Philippine Communist Rebels Mark 50th Year With New Attacks

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Philippine Communist Rebels Mark 50th Year With New Attacks

The New People’s Army has defied multiple Philippine presidents’ efforts to eradicate its rebellion.

Philippine Communist Rebels Mark 50th Year With New Attacks

In this Nov. 23, 2016 photo, a woman New People’s Army guerrilla with her face painted to conceal her identity holds her firearm inside a shelter at a rebel encampment tucked in the harsh wilderness of the Sierra Madre mountains, southeast of Manila, Philippines.

Credit: AP Photo/Aaron Favila, File

Philippine communist guerrillas marked the 50th anniversary of their rural rebellion on Friday with threats of more attacks, possibly in cities, as a negotiated settlement remains elusive and peace talks have repeatedly stalled.

The New People’s Army marked a half a century after its founding with an attack on a police patrol in northern Mountain Province that killed a policeman. Authorities said a separate rebel assault on a police station in eastern Victoria town backfired Thursday when officers fought back and killed three insurgents and captured three others.

Regional rebel spokesman Magno Udiao said the insurgents targeted about 20 policemen patrolling the hinterlands in the mountainous region because they were conducting counterinsurgency tasks with the military.

In light of the government’s withdrawal from peace negotiations, the rebels “will incessantly mount tactical offensives to continue the NPA’s mandate of seizing political power from the corrupt and fascist ruling classes and dismantling its fascist machinery,” Udiao said.

The Maoist rebels have negotiated unsuccessfully with five Philippine presidents before current leader Rodrigo Duterte. The rebel force had only about 60 fighters, nine automatic rifles, and 26 single-shot rifles and pistols when it was established in 1969, and gradually grew and expanded across the impoverished nation.

Battle setbacks, surrenders, and infighting, however, have weakened the guerrilla group, which is considered a terrorist organization by the United States and remains a major Philippine security threat. The communist rebellion has left about 40,000 combatants and civilians dead. It also has stunted economic development, especially in the countryside, where the military says about 3,500 insurgents are still active.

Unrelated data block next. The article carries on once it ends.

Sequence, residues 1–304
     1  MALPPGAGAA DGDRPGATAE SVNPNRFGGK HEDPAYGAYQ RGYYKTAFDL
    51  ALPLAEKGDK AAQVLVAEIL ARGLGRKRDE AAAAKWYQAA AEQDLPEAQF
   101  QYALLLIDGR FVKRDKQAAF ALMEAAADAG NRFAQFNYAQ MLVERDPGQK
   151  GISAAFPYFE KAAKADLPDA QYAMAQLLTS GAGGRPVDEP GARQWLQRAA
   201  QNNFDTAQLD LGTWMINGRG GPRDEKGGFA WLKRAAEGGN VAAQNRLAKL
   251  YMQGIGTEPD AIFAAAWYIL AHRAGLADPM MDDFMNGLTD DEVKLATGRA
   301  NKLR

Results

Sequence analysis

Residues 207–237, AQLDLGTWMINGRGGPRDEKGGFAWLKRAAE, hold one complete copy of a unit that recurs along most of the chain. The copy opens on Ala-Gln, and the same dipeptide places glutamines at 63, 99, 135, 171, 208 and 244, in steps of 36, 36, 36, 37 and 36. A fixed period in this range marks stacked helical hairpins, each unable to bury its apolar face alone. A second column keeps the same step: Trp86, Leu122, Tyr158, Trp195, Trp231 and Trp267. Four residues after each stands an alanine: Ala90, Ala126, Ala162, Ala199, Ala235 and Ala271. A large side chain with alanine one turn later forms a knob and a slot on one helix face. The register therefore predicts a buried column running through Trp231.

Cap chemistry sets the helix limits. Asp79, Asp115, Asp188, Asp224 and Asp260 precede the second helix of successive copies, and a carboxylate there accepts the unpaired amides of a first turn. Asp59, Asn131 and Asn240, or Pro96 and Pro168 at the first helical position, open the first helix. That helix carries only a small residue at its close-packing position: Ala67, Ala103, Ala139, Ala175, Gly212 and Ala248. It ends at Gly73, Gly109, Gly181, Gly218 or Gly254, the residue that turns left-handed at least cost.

Initially upbeat negotiations under Duterte, who calls himself a socialist, gradually unraveled as he protested continued insurgent attacks on government forces and the guerrillas accused troops of violating the government’s own ceasefire by continuing combat operations in what they said were their rural strongholds. Duterte and the rebels eventually lifted their ceasefires, sparking new violence.

In 2017, Duterte signed a proclamation terminating peace negotiations with the guerrillas brokered by Norway just a year after he became president in mid-2016 and pursued talks with the guerrillas. Although he indicates from time to time that he is still open to returning to the negotiating table, Duterte dismantled his negotiating panel last week.

Amid the collapse of talks, the violence and war of words raged on.

“Duterte is the face of the rottenness of the entire ruling system. His anti-people, anti-national and anti-democratic policies are causing the people grave social and economic hardships,” the Communist Party of the Philippines said in a statement it issued to praise and call on its armed wing to press its insurgency, one of Asia’s longest-running.

“We must strengthen the New People’s Army several times over and raise its capability in annihilating enemy units,” the communist party said. “The NPA must target the worst fascist criminals, punish them for their abuses and smash their culture of impunity. We must also carry out partisan operations in order to punish the enemy in the cities and in their main lines of communication and transportation.”

Last year, more than 380 government security personnel perished in rebel attacks, it said.

Security officials, however, have played down such rebel threats as propaganda from what they call a spent force of “criminals and terrorists.”

The Department of National Defense said that “for five long decades, the NPA stained our soil with blood, extorted from our hard working people, harassed our communities, and tore Filipino families apart.”

With Duterte forming in December a “National Task Force to End Local Communist Armed Conflict” which he heads, the defense department vowed that New People’s Army insurgents will become “strategically irrelevant by 2022,” the year Duterte’s six-year term ends.

“We will make sure that they will be defeated at every turn,” the defense department said in a pledge that officials under previous presidents have also made.

By Jim Gomez for The Associated Press.